It’s all white in my head.

And all I want,

Is my big cosy bed.

My work-life balance has flown out the door,

An angel with wings that have been charred,

From the milieu of tasks that are a chore,

And I’m working not living.

And the noise, the noise,

It’s all white in my head.

And all I want,

Is to stay in my bed.



Competing Religion: From the window of a train

All across the flat lands,

The scattered stoic stone spires of English churches,

reach towards the sky,

in tribute to their god,

Crying to be heard,

A testament to the toil of their beliefs.

And in the fields of gold,

The withered wooden limbs of lightening trees,

reach towards it too,

in honour of their gods.

Dying to be seen,

A testament to the toil of the believed.

And all the while, the black-backed crows

Sit silently stretched along the wires.

Straining to see whose god answers first.



PUBLISHED on Dec 22: Issue 20. Online December 1st 2022. Volume Ten print edition end of January 2023

Rage against cancer

PUBLISHED on Causley Trust, October 2023

A Rage For Cancer

I am RAGE!
And rage is ME.
Blinding, bubbling,
Burning, broiling,
Erupts from me,
like lava from some
vehement, vengeful, violent volcano,
bent on disruption.

I am FEAR (too).
FEAR, festers inside me,
A savage scar,
and I can’t see past the C
FEAR has blinded me,
lives with me.
An unwanted house guest,
that follows you everywhere,
an invasion.
Like an army of ants
with a mission to destroy.

Carer not lover,
Nurse not wife,
always friend.



The Corona Quiet

So quiet the land –
the lanes, the paths
the leafy glades.
Where in the air
viral shadow evades
surgeon scalpel blades.
Corona cripples cursed confused countries,
Crying out for medicine and medicals.
Rage against a parasite
That Earth itself has sent.
Covid 19 coursing, carousing, carelessly carefree
through the blood of this us –
This dominant species.
Powerless to prevent
As we carelessly collectively collect on corners.
Will we die of ignorance?
Or heedlessness ?
And as smoke rises from the ashes
of what is left of us
like a
mad mocking double helix
of the virus
that claimed
How we will move on?


Corona quiet rainbow

PUBLISHED at the Festival For Poetry, 18/06/2020

PUBLISHED online for an AHRC funded project run by the University of Plymouth and Nottingham Trent University

To Derek

I miss
The early morning kitchen cups of tea
Catching up on the news and gossip
I miss
Those conversations across the desk tops
Pretty much doing the same
I miss
Being summoned from afar
And taking my reading glasses – just in case
I miss
Being texted or called in boring meetings
Just to embarrass me and make me laugh
I miss
Those cheeky glances across a room
That tell me you’ve had enough
I miss
Teaching in class with you
And the way we run it like a double act
I miss
You jumping out at me
Or throwing things at me
I miss
The way you know just when to give me a hug
And ‘lend’ me my one tissue
I miss
My line manager
(zoom just isn’t the same)
But more than that
I miss my friend



Berries in the snow

Hidden in barren boughs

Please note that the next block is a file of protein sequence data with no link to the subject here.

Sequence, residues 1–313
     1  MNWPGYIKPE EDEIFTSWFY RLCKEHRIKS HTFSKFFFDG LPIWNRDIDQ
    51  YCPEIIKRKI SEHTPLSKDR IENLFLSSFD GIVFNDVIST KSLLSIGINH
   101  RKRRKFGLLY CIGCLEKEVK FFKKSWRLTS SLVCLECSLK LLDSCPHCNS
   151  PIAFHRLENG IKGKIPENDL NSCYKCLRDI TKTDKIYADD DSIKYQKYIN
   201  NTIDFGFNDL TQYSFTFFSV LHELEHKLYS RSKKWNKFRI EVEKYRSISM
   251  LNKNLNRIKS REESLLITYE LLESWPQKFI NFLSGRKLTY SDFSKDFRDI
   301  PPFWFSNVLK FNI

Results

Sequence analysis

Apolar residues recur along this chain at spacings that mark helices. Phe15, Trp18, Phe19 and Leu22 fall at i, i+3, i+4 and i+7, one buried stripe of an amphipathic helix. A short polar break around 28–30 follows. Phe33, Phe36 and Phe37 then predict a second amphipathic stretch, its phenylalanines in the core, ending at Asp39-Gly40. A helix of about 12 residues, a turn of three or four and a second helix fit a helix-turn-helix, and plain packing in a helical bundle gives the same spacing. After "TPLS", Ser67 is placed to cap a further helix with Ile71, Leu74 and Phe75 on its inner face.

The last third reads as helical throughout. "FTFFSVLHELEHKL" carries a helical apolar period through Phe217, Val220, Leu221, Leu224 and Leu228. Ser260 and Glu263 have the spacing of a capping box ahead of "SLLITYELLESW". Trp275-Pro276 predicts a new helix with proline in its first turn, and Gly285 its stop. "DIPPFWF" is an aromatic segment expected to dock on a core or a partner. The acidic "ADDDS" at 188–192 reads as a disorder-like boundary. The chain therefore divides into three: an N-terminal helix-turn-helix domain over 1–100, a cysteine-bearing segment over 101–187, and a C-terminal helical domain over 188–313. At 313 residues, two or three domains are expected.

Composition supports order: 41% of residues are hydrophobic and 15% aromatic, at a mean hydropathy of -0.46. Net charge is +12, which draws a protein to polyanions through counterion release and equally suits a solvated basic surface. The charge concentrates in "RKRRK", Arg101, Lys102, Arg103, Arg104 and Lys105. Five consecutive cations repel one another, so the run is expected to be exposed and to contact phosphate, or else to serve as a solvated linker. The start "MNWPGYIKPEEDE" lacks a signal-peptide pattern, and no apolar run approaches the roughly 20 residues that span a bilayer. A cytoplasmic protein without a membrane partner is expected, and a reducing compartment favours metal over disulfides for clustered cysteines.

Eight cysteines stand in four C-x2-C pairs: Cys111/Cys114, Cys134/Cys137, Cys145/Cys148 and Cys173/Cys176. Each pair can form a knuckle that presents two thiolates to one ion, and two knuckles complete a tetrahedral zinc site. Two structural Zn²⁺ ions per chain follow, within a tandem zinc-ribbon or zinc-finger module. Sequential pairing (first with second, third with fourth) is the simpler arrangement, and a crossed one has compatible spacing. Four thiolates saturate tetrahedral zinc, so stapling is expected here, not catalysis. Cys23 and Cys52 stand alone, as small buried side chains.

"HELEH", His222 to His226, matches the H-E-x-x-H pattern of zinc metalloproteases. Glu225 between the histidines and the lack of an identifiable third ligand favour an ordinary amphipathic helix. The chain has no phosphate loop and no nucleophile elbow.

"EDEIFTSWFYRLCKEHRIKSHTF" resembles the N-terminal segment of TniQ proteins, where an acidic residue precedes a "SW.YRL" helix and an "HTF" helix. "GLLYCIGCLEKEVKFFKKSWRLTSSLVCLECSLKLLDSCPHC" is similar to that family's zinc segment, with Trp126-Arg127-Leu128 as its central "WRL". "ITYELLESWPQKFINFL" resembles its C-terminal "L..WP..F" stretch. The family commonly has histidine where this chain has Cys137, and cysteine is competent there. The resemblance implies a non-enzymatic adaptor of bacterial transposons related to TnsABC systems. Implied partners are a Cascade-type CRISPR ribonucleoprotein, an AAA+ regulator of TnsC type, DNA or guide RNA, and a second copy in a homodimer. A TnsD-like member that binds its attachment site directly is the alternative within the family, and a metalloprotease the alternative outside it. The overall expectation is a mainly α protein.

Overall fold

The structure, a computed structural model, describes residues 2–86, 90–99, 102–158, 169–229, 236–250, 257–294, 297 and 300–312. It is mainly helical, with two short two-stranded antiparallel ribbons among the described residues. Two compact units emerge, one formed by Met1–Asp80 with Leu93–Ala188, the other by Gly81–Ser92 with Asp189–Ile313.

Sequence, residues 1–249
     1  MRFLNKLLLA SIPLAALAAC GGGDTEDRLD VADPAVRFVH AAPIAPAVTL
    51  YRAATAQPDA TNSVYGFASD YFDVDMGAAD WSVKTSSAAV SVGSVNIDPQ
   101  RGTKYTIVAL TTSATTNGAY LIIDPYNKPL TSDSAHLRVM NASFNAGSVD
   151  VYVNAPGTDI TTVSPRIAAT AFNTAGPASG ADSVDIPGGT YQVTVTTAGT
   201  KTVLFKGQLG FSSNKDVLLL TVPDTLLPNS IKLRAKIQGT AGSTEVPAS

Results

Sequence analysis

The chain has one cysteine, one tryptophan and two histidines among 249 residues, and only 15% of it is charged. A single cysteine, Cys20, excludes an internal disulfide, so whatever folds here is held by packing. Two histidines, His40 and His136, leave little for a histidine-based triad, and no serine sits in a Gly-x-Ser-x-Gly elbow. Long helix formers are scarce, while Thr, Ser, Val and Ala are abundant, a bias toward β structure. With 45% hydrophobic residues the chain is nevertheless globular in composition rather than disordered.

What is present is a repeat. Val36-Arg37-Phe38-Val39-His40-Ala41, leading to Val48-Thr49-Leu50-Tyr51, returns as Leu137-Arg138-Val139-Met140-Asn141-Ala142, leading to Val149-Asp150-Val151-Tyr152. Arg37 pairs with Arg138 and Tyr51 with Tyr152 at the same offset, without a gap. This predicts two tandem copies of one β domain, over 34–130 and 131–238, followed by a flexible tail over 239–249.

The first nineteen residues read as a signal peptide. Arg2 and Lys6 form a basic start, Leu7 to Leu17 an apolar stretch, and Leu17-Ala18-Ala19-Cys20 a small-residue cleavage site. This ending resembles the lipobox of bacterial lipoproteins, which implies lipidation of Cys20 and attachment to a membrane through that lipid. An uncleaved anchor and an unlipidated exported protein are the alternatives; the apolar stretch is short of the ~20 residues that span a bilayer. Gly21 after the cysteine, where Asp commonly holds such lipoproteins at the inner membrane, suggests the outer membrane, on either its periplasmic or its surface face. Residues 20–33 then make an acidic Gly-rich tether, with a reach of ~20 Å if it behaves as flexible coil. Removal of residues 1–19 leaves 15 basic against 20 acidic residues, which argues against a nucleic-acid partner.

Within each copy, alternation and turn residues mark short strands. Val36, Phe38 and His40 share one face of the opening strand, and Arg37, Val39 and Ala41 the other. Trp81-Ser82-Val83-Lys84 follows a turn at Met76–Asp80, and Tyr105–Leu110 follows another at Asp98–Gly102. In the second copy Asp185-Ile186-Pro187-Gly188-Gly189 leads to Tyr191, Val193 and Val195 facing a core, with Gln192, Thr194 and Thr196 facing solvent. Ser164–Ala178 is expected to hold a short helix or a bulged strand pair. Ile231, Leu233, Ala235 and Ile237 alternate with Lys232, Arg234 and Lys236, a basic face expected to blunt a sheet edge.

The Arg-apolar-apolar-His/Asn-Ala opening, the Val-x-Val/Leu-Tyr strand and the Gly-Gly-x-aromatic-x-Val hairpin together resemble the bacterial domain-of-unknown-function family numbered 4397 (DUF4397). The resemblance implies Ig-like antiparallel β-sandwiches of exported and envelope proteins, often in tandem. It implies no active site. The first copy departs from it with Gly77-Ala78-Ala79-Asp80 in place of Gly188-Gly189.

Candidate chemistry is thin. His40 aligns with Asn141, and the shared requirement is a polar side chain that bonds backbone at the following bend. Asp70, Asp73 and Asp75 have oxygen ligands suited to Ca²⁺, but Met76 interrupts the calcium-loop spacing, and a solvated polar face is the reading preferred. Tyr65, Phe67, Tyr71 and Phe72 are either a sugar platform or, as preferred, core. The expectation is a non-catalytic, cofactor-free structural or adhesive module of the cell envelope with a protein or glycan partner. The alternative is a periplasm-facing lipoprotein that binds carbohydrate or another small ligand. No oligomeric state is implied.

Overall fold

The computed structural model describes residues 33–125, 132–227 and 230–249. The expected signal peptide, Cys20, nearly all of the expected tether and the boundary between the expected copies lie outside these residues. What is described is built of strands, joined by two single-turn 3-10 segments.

iced berries, like frosted rubies,
     await the raw sunshine warmth of the day.
They spatter the monochromatic blandscape
of a winter in post viral modernity,
     dancing and laughing in the breeze.
The gathering sun articulates their inevitable doom
as it arcs across a pale cerulean sky,
     cut glass crystal crowns trembling in sweet anticipation.
Ah, but they go out in a blaze of scarlet glory
long leaving remnants on our jaded retinas,
     a bright red smile to get us through to spring.
Crimson silent expectation of hope.



Bright red berries in the snow

PUBLISHED on Dec 22: Issue 20. Online December 1st 2022. Volume Ten print edition end of January 2023


PUBLISHED IN New Contexts 4 Cover Story Books (Ed Ian Gouge) Dec 2022 and see

Also PUBLISHED in a blog for the Sheffield Institute of Education . Dec 2022

Post Covid: Special Needs Kids

What happens to…
     the ‘rear’ kids?
the ones with the silent voices
(that) go unheard.
Their sound not travelling
     from the back
of the class.
Who listens out for them?
Are we so deaf now?
So immune?


Or the ‘fear’ kids?
     the ones with the hidden bruises
(that) go unseen.
Their marks not travelling
     from beneath
their low sleeves.
Who watches out for them?
Are we so blind now?
So immune?


Or the ‘beer’ kids
     the ones with the slurry excuses
(that) go unbound.
Their gaze not travelling
     from the front
of their face.
Who dares ask much of them?
Are we so scared now?
So immune?


Or the ‘tear’ kids?
     the ones with the cover stories
(that) go untold.
Their chairs not travelling
     from the door
of the room.
Who sits and talks with them?
Are we so numb now?
So immune?


Or the ‘peer’ kids?
     the ones with the fewer friends
(that) go alone.
Their appeal not travelling
     from the screens
of their phones.
Who inspires heart in them?
Are we so cold now?
So immune?


What happens now?
     now that they’ve missed
so much.
Who will pick up the pieces?
Will you?
Will I?


The Boy who grew a Mane

When Ben was ten,
he thought, for a while,
I’ll grow my hair long,
have a different style.
So Ben grew his hair, and nothing could stop him,
not wind, nor sun nor rain.
And it grew in big locks, right down his back,
just like he had grown a real mane.
Unlike his friends,
whose hair was cut short.
Ben kept his growing,
almost like it was a sport.
The other kids laughed,
at all of his curls.
They teased and they pointed,
both the boys and the girls.
Except for one boy,
who knew just how Ben felt.
For he too had been mocked,
for having hair like a pelt.
He stuck up for Ben,
as best friends will do.
And they learned how together,
They were stronger as two.
Two boys with a mane
different from others,
Two boys with a mane,
together like brothers.



PUBLISHED at Dirigible Balloon

PUBLISHED IN New Contexts 6

On a night so deep you can taste it

On a night so deep you can taste it,
I read your letter, aloud.
But I can’t make sense of the words.
As if somewhere,
between the page and my eyes,
they gave up the ghost.
Lost all meaning –
jettisoned any sense they might once have had,
on the journey to my brain.
The implausibility of your logic marooned on the way.
I hurt.
But is that you hurting me?
Or me hurting you?
Nerves stand naked and restless,
quivering outside my body,
anticipating the last line.
The final word.